Review: Silence (2016)

Director: Martin Scorsese

Stars: Andrew Garfield, Adam Driver, Issei Ogata

Be it the pilot episodes of HBO dramas Boardwalk Empire and Vinyl or his recent feature presentations, 2011’s love letter to cinema Hugo or the rambunctious and for-the-most-part crowd pleasing hit The Wolf Of Wall Street, Martin Scorsese’s recent directorial output has maintained a level of pomp, vigor and pazazz which is conspicuously absent from his latest salvo Silence, a passion-project that has long gestated within the master’s heart, now finally realised.

You might be able to list on one hand the directors working today with the clout required to bring such a particular and unforgiving picture to our screens. To have achieved it at all in this day and age is something of a minor miracle not easily dismissed, yet here it is, arriving on New Year’s Day in the UK like an interminable 2016 hangover. It’s long, merciless and there’s precious little light in store. Yet that personal drive underpins the film. What’s been removed from his recent toolbox has been done so out of deference to the weighty material. Those bushy eyebrows have rarely been so downward cast.

It’s the early 17th century, and Portuguese Jesuit priests have been attempting to amass a Christian base in Japan. What was going well has become a thwarted and torturous undertaking as the powers within Japan have outlined a firm stand against the religion; their attempts to crush the faith are merciless and cruel. Idolised priest Ferreira (Liam Neeson) is seen and heard from as the film begins, kneeling aghast at the horrors inflicted on his brethren. A quick scene follows this to set in motion the story to come; Ferreira is missing, and is believed to have rejected his faith. Two of his disciples, Rodrigues (Andrew Garfield) and Garrpe (Adam Driver) set out in search of him and to learn the truth.

Silence plays out like a sermonising Apocalypse Now, Rodrigues and Garrpe hear Ferreira’s own words and reject their meaning just as Willard does on hearing the tapes of the renegade Col. Kurtz. Their exploits in Japan have a similar heart-of-darkness feel to them. Strangers in a strange land, they are appalled by the methods used to ‘break’ Christians. As they cower in the tall grass and witness villagers being tortured to death, they find their own faiths tested in a world that seems increasingly ruled by madness.

Mainstream cinema hasn’t been offered something so filled with its own self-importance since The Revenant, but even that picture found room for a little light. Scorsese extinguishes any notion of the need for relief, and perhaps it would indeed have been inappropriate given the context, but still it’s bracing to find a film this dour even during prestige season. That he has deliberately downplayed his bravura style only adds to this. Which is not to say Silence is anything less than remarkably accomplished. The stark directness of the framing (exquisite photography from Rodrigo Prieto) and the relative lack of visual flourishes make the experience feel refined and on-point, even as it’s back virtually breaks under the hefty 160 minute running time.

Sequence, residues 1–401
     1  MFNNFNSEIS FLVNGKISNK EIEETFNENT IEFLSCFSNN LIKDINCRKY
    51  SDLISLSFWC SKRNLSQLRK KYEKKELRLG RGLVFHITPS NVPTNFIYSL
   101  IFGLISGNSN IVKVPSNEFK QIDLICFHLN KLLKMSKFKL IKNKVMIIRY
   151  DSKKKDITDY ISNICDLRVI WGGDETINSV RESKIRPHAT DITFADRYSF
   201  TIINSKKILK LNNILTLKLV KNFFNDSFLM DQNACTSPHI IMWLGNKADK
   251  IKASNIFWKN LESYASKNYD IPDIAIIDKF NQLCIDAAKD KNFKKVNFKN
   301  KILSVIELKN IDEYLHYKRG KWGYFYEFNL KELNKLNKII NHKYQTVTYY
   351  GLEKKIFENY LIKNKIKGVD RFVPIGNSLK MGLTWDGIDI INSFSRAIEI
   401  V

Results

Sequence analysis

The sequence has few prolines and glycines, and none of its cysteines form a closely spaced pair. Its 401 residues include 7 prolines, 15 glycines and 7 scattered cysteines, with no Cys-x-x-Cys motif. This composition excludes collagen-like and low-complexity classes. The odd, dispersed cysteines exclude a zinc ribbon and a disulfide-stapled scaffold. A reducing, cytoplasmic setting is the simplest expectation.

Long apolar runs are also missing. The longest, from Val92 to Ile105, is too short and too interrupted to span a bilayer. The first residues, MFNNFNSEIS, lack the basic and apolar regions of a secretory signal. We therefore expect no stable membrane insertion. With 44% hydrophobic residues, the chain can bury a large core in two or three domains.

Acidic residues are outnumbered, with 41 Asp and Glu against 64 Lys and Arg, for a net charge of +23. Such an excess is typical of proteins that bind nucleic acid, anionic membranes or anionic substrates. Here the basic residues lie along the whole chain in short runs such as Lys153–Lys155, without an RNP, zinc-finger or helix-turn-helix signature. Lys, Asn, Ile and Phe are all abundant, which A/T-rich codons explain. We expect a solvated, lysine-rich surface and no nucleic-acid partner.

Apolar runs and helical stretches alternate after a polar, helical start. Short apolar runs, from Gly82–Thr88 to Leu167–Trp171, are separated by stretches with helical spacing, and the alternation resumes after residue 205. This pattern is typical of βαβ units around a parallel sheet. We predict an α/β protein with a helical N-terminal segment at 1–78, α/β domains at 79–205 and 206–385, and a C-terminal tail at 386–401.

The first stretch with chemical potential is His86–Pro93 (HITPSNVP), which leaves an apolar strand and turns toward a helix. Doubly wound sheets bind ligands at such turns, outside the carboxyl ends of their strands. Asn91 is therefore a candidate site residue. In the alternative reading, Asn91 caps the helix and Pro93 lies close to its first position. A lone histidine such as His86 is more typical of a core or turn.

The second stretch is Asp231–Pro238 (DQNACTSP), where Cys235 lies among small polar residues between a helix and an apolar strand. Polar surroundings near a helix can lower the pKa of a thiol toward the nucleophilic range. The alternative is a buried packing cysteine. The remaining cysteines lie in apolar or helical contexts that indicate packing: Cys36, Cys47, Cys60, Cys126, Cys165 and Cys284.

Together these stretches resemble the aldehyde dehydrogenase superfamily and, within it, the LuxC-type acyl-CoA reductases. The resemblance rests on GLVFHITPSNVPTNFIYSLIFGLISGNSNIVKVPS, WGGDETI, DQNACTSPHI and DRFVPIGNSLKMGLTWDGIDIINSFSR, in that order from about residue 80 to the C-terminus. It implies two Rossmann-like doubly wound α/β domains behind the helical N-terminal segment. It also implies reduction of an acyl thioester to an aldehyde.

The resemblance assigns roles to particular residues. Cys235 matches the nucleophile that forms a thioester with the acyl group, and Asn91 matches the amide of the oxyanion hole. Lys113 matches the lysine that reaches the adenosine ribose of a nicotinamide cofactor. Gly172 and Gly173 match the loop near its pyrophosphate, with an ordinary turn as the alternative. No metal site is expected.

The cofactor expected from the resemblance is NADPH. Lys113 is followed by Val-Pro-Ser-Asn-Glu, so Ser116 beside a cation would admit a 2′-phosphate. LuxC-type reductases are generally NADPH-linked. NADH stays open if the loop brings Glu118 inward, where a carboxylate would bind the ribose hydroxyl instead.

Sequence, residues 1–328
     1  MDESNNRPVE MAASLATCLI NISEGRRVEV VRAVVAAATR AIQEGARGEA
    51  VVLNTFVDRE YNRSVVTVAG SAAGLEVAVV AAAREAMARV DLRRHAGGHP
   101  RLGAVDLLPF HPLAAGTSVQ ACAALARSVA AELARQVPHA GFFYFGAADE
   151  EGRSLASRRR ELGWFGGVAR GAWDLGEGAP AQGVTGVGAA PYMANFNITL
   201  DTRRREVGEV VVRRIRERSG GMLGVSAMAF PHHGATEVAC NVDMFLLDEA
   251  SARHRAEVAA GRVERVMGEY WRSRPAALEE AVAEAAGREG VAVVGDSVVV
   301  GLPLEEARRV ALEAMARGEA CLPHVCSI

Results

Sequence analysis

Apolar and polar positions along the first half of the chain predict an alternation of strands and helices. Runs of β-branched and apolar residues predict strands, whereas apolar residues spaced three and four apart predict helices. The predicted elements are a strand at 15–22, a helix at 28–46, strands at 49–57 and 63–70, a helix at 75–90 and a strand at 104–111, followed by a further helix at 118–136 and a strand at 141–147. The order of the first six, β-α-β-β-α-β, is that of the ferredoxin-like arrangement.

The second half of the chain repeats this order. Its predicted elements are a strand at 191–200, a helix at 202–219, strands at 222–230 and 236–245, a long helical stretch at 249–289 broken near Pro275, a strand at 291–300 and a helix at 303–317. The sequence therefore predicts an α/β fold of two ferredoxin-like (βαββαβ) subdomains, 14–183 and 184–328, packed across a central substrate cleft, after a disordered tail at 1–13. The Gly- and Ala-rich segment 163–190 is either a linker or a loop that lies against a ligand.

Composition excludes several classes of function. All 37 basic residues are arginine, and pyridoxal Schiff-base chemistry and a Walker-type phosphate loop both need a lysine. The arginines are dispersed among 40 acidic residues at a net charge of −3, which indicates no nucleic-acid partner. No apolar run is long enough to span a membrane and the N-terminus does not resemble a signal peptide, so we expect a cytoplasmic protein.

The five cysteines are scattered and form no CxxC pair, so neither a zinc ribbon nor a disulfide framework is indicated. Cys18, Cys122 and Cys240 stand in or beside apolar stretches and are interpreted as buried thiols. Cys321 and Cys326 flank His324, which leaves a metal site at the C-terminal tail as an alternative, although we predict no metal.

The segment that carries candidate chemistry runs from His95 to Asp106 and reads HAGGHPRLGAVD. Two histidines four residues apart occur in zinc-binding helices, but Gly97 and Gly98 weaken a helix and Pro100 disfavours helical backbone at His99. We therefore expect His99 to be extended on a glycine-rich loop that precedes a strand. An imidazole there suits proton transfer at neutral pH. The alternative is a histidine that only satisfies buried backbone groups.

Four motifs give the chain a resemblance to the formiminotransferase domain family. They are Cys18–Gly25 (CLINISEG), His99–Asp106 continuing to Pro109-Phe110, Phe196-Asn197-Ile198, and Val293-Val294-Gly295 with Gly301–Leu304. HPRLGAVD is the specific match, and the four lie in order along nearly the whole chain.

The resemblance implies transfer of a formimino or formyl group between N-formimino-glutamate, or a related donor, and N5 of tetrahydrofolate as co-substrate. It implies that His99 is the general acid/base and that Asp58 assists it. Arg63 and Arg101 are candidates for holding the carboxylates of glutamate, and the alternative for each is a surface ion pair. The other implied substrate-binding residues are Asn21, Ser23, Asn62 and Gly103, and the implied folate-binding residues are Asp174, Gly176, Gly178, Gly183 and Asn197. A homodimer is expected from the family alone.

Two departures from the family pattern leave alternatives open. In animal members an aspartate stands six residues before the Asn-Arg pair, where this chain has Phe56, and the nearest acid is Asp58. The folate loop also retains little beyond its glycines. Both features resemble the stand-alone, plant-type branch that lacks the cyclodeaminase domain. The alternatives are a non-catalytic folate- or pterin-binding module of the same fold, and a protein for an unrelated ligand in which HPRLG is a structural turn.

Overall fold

That length is ultimately justified as the shape of Rodrigues’ journey through the film asserts itself. Like the long joke or shaggy-dog story, the size and elaborately episodic nature of the yarn are integral to its pay-off (though, just to be clear in case you didn’t get it already, there’s no laughing here, okay?). The third act is earned the hard way, but it is here that the film becomes more of a conversation than a sermon, at least by degrees.

Late in the picture, a Japanese proverb is offered forth, that mountains and rivers may be moved before the nature of man. In the main Silence paints the Christians in Japan as devout martyrs to their faith, saints in peasant robes to a man, and those that seek to crush their beliefs are by extension grotesque ciphers of inhuman villainy. But as this proverb is posed to Rodrigues, it lets in a crack of doubt in Scorsese’s otherwise largely didactic presentation. Here it is suggested that what Rodrigues has seen in Japan is the true face of man; that cruelty and the need to dominate his fellows is a truth universal, one just as powerful as any religious creed.

It’s a glum philosophy, sure, but it reads as a strong argument in the aftermath of all Scorsese has shown to us. It’s just one example among many in a film which encourages the viewer to ruminate on their own understanding of human nature and of faith. And while Silence is a religious film and a biased, even hypocritical one at that, it at least acknowledges that faith and organised religions are fascinating paradigms in our psychological nature, powerful enough to write history books throughout the ages, for better or worse. Often for worse.

Scorsese’s players are keyed in to the tone of reverence required of them. Neeson does this kind of severity in his sleep, Driver has shown himself capable in nearly any range, while Issei Ogata nearly steals the film away from all comers as the chief of Inquisition whom Rodrigues finds himself in opposition with. Garfield too is largely very impressive (though his warbled moments of mania sit awkwardly and are kept mercifully brief).

His Rodrigues is a righteous man, but a prideful one. At his most zealous he sees the face of Christ in his own reflection. At the time this seems both crass and uncharacteristically cheesy of the film (a Lord Of The Rings parody? Now?), but by the film’s end it seems oddly fitting. Faith is an internal battle. When it is let loose on the world at large its cost is measured out in bloodshed and brutality. Such is the ego of man. Keep it within and it may yet be nurtured.


7 of 10

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